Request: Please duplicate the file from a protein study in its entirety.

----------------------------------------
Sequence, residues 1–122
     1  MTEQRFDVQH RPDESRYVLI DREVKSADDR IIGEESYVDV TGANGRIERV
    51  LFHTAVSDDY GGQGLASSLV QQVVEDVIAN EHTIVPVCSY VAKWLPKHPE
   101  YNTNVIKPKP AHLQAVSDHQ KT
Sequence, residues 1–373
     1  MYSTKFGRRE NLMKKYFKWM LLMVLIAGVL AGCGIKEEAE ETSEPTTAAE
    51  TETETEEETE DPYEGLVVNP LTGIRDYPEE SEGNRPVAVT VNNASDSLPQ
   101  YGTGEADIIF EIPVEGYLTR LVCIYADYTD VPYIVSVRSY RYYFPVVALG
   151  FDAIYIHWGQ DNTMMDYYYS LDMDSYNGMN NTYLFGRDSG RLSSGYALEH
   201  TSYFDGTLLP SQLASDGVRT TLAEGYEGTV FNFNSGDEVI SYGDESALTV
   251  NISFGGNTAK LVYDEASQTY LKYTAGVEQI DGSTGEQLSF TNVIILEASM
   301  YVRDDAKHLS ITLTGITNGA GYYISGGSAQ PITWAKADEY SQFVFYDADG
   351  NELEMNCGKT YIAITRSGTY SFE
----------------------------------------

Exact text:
Sequence, residues 1–122
     1  MTEQRFDVQH RPDESRYVLI DREVKSADDR IIGEESYVDV TGANGRIERV
    51  LFHTAVSDDY GGQGLASSLV QQVVEDVIAN EHTIVPVCSY VAKWLPKHPE
   101  YNTNVIKPKP AHLQAVSDHQ KT
Sequence, residues 1–373
     1  MYSTKFGRRE NLMKKYFKWM LLMVLIAGVL AGCGIKEEAE ETSEPTTAAE
    51  TETETEEETE DPYEGLVVNP LTGIRDYPEE SEGNRPVAVT VNNASDSLPQ
   101  YGTGEADIIF EIPVEGYLTR LVCIYADYTD VPYIVSVRSY RYYFPVVALG
   151  FDAIYIHWGQ DNTMMDYYYS LDMDSYNGMN NTYLFGRDSG RLSSGYALEH
   201  TSYFDGTLLP SQLASDGVRT TLAEGYEGTV FNFNSGDEVI SYGDESALTV
   251  NISFGGNTAK LVYDEASQTY LKYTAGVEQI DGSTGEQLSF TNVIILEASM
   301  YVRDDAKHLS ITLTGITNGA GYYISGGSAQ PITWAKADEY SQFVFYDADG
   351  NELEMNCGKT YIAITRSGTY SFE